Again, I should point out, that these are all suggestions. It’s okay if you don’t follow all of them. I’m just try to give you an idea of what you can start with.

Remember: The more you push yourself, the more Quran you will be able to understand in Ramadan and the more khushoo (humility) you’ll feel in the taraweeh prayers (and all the other prayers for that matter).

To be continued…

4 Comments Post a comment
  1. Aliya
    May 26 2011

    Asalaam alaikum

    This post came just at the right point – Allhumdulillah.

    I have over the last week been looking at the Understand Quran webiste as you mentioned and some of the initial content. It looks well structured and planned, warm welcoming for beginners and answers some common questions.

    However, I got the link from another site: http://www.quranforbusypeople.com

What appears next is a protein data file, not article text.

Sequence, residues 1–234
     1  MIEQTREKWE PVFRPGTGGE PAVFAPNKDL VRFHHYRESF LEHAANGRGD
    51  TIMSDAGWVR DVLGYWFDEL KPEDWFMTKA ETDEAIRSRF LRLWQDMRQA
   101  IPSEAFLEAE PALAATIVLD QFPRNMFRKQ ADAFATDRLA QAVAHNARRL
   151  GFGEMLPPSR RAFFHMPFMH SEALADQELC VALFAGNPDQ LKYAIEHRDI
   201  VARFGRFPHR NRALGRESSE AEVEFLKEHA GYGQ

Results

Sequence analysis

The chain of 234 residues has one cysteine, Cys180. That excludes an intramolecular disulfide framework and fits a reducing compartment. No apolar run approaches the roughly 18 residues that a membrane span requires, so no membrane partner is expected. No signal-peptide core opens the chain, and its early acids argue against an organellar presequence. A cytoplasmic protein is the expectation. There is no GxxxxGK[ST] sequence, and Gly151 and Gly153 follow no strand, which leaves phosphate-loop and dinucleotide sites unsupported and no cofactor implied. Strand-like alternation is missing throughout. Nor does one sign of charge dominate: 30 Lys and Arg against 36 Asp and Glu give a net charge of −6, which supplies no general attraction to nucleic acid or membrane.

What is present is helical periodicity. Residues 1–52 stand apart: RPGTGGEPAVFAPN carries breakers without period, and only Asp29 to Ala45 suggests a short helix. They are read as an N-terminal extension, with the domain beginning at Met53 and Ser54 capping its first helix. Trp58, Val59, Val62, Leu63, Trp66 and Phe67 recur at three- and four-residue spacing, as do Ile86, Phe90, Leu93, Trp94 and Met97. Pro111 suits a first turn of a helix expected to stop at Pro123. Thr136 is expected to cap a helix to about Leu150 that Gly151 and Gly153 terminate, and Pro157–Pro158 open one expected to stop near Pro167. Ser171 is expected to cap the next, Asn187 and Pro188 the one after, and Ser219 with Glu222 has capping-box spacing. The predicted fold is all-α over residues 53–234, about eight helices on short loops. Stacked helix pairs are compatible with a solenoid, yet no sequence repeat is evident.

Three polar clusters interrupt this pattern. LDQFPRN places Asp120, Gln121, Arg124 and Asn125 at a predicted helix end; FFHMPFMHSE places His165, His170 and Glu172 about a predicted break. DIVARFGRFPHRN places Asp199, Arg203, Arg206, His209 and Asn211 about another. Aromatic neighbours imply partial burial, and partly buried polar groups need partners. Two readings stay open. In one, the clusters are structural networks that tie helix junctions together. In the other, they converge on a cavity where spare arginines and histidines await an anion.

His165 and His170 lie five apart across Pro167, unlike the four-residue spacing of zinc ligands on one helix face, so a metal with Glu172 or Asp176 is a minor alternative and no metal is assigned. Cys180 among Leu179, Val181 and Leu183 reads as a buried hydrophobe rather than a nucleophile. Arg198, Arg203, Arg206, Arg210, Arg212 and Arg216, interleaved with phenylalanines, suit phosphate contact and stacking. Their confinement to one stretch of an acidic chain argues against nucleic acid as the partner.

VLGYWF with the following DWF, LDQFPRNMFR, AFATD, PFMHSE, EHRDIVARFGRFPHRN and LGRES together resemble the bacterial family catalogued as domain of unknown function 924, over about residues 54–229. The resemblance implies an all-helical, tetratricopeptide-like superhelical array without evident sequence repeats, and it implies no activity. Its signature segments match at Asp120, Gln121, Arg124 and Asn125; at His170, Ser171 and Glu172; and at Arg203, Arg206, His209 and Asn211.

Just a quick question: I wondered whether you knew if http://www.quranforbusypeople.com is part of the UnderstandQuran set up?

    Jazzkillahu kheria

    Reply
    • Umm Muawiyah
      May 30 2011

      Wa Alaikum Assalam.

      Alhamdulillah. Allah is Al-Hakeem after all.

      Yes, the UQ course is great, masha-Allah.

      As far as I know, the Quran for busy people are not associated with UQ. Allahu Alam.

      Reply
  2. Umm Zakariyya
    May 28 2011

    Uhibbuki fillaah!

    Wa ‘alaykumu-s-salaamu wa rahmatullaahi wa barakaatuh.

    Reply
    • Umm Muawiyah
      May 30 2011

      Assalamu Alaikum.

      May He, for whose sake you love me, love you.

      [You know, I think I liked it better when you confined that sentence to MSN chats, emails and SMS messages…]

      Reply